A Typical Sicilian Lunch

Antipasti in St. Alfio

Antipasti (appetizer): Two types of salami (one spicy, one not), cheese, olives, peperonata (marinated sweet and sour peppers with pine nuts and raisins), garlicky eggplant slices, one square of something really tasty that was obviously made with eggs and cheese but I’m not sure what it’s called, and one square of something else (again, I have no idea what it’s called) that was layered with eggplant, tomato, cheese, and some other things.

Antipasto is always my favorite course!

Pasta and risotto

Primo (first course): Homemade pasta with ragu (meat sauce) and Risotto with porcini mushrooms. Both of these were excellent! The pasta with ragu was some of the best I’ve tasted and I’ve eaten a lot of ragu since I’ve been on this island! The risotto had just a hint of saffron and the porcini mushrooms (the only type of mushroom that I really like) were wonderful!

Main course

Secondo (second course): Grilled sausage, veal scallopine with porcini mushroom cream sauce, chicken involtini (thin chicken breast layered with cheese, bread crumbs and ham, rolled up, breaded with seasoned bread crumbs and fried), mixed salad. This was also really good. Justin thought this was the best sausage he’s had in Sicily and I think I have to agree. The veal was a little tough but the porcini cream sauce made up for it. The involtini was pretty standard but a little on the dry side. What was really surprising was that the salad had potatoes in it. In Sicily you’re generally lucky to find even a tomato in a mixed salad because ‘mixed’ could simply mean some lettuce mixed with radicchio. But this salad had lettuce, radicchio, tomato, carrot and potato. It was good.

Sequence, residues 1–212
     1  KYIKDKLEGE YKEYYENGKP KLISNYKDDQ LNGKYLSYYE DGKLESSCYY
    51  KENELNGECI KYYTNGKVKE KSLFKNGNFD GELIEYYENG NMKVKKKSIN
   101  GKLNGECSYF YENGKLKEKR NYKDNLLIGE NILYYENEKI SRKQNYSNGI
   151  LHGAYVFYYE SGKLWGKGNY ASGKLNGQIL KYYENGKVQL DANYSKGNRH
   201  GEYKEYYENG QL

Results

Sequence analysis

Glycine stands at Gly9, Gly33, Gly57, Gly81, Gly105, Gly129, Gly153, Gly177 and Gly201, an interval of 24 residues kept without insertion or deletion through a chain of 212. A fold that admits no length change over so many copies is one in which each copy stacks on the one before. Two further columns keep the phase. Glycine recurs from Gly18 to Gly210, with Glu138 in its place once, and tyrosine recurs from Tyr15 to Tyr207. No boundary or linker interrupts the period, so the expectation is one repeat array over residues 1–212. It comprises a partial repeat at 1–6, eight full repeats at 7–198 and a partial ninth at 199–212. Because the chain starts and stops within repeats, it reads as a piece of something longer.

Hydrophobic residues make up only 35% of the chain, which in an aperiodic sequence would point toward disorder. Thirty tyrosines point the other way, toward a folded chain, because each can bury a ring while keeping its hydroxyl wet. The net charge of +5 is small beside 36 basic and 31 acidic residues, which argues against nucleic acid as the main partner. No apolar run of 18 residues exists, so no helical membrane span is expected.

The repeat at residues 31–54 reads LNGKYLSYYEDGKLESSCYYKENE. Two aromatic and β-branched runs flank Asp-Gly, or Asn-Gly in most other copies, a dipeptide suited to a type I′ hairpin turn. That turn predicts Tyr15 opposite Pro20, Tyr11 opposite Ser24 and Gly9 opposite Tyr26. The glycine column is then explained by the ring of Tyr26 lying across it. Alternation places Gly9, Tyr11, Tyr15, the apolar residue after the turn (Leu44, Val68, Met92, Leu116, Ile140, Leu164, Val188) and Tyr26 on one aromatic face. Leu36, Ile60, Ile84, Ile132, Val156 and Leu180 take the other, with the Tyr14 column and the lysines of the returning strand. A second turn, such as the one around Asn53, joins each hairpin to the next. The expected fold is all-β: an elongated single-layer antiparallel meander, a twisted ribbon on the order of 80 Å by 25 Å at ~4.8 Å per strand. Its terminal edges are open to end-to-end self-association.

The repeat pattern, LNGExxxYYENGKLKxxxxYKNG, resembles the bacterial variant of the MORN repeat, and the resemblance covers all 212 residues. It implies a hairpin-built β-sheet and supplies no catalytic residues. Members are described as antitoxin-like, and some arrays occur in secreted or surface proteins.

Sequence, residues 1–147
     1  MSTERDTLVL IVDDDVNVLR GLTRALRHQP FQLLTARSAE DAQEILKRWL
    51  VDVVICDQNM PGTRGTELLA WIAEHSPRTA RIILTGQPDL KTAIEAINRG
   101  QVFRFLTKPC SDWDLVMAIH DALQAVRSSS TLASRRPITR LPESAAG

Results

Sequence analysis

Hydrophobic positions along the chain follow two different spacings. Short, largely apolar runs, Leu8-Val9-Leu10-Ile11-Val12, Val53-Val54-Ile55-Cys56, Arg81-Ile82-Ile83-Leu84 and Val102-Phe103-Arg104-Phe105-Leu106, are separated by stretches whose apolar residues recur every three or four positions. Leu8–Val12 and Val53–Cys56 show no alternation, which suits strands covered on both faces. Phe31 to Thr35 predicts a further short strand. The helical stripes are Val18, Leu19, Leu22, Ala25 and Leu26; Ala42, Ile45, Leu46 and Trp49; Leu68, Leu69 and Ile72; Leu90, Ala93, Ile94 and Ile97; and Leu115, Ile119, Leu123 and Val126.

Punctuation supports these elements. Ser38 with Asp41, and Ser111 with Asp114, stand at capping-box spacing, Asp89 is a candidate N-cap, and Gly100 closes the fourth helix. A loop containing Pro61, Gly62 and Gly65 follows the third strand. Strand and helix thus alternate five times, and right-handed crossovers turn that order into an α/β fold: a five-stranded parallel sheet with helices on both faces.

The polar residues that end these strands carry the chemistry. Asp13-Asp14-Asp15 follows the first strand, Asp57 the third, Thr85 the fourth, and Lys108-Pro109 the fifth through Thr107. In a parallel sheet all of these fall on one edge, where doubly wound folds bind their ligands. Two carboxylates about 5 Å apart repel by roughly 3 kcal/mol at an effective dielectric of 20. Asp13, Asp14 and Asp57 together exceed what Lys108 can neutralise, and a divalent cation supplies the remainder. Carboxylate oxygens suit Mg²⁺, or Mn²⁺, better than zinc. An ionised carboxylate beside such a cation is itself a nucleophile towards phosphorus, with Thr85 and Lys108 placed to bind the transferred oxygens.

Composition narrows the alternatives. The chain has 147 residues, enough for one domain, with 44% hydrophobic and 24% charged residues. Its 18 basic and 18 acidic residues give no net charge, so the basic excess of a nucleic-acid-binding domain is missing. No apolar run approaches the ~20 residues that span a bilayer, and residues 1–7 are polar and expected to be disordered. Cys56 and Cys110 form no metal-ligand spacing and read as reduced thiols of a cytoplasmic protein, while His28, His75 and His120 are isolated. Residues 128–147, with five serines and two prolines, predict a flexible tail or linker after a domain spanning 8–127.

Dolce (dessert): Apple Cake. For dessert we were served a slice of torta di mela (apple cake). It was ok, but a little dry. I have to admit that I’m not a huge fan of many Italian cakes. But, I ate all of it πŸ˜‰


And, of course, the only way to end an Italian meal is with a shot of espresso!

I thought you might be interested to know what a typical Sicilian lunch might look like. In Italy, lunch is the most substantial meal of the day. Although most people don’t sit down to this type of meal every day anymore, it is still a must on the weekends.

Many restaurants will have a fixed price lunch like this where you just sit down and eat whatever they bring you. It’s my favorite way to dine in Sicily because you know that what you are eating is most likely fresh and local. In my experience, the normal price for this type of meal ranges between 20 and 25 euros.

The photos above show the lunch we had today in a restaurant in the small mountain town of Sant’Alfio. The town’s claim to fame is a giant Chestnut tree that is supposedly the largest tree and oldest tree in Europe. It is estimated to be between 3000 and 4000 years old.